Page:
“You are not in Atlantis,” came a voice from the other side of a chair. It spun around, revealing a man smirking at them. “When I was a child, I always wanted to do that...say something ominous, then reveal myself to have been there the whole time.” He adjusted his position to be more laid back and casual. “I admit, its novelty wore out some time ago.”
“Where are we?”
“Why, we are in Kansas City, of course! The only city that matters!”
“You hijacked the portal,” Juan accused.
“No need to thank me, I am here to serve.”
“Why would we thank you?” Mateo asked. It was clear they weren’t supposed to like this guy, but he still didn’t know exactly why. He’s tried to be better about judging people upon their first meeting. Rule Number Five, treat everyone you meet with respect, as they may unexpectedly return.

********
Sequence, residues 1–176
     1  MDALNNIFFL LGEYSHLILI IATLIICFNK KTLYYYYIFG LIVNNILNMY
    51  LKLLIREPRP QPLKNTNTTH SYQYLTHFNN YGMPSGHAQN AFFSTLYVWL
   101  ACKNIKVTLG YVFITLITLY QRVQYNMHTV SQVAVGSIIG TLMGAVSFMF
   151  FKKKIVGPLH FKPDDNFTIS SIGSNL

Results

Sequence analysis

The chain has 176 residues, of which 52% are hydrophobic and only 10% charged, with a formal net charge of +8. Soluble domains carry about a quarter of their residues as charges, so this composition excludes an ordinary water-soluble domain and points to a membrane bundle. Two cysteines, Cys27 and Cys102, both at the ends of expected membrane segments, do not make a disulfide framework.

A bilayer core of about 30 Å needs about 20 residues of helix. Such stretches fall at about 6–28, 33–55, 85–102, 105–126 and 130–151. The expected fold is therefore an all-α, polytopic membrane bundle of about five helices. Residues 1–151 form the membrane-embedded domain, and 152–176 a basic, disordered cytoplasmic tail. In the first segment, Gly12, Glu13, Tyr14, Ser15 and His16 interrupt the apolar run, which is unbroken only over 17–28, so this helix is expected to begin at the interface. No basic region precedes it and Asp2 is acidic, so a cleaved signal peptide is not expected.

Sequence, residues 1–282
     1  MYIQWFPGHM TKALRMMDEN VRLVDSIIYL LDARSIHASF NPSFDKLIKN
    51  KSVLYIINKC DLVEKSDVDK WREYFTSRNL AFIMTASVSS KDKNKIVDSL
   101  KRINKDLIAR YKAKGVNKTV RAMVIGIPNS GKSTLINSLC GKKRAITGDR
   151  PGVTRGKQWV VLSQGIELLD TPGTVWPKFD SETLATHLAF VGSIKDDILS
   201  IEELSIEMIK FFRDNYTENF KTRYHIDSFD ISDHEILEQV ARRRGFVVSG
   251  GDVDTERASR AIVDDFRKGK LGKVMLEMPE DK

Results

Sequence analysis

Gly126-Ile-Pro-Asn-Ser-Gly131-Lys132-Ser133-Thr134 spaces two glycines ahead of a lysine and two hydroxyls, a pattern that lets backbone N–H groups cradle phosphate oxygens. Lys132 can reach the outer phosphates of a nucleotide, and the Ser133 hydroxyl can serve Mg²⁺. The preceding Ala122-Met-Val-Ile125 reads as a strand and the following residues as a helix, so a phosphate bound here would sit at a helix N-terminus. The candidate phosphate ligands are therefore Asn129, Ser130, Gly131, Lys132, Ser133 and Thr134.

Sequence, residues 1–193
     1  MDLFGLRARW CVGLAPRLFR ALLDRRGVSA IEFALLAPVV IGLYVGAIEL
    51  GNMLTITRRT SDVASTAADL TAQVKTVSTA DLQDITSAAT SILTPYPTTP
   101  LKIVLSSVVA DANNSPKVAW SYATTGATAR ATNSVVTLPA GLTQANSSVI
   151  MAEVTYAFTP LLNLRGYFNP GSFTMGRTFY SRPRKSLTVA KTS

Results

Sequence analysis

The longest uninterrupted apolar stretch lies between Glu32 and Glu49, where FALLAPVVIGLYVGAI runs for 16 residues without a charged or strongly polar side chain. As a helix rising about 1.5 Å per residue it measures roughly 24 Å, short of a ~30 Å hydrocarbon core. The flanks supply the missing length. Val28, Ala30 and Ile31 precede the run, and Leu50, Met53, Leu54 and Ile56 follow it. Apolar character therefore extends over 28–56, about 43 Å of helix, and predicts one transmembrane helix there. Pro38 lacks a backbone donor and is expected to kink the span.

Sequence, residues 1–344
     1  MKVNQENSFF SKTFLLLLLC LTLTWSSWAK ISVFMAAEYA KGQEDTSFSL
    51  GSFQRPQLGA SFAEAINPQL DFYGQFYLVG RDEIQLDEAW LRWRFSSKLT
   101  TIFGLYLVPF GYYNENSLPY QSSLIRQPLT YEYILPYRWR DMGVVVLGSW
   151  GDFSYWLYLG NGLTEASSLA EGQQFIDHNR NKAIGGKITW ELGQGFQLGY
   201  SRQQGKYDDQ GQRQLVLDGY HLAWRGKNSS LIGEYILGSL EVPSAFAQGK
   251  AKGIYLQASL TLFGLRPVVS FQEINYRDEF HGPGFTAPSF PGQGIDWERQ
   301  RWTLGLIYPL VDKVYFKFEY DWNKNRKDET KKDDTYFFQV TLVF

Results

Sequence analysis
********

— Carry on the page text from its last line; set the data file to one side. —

He shook Mateo’s hand with international businessman precision. “Hello, my name is Tauno Nyland.”
Juan was neither impressed, nor interested in showing any level of respect. “I know who you are. Why have you brought us here?”
“The powers that be asked me to use my ability to travel between dimensions on their behalf. Normally I don’t help anyone but me and mine, but I figured I ought to take this job since it’s given me the chance to meet the great Mateo Matic.
It’s generally not a good sign when someone already knew him, but Mateo held firm with Leona’s fifth rule of time travel. “You humble me, sir.”
Tauno seemed to appreciate this. “You know Paige Turner Reaver-Demir?” A lot of people had a lot of really long names, usually from having been raised at different times by different guardians.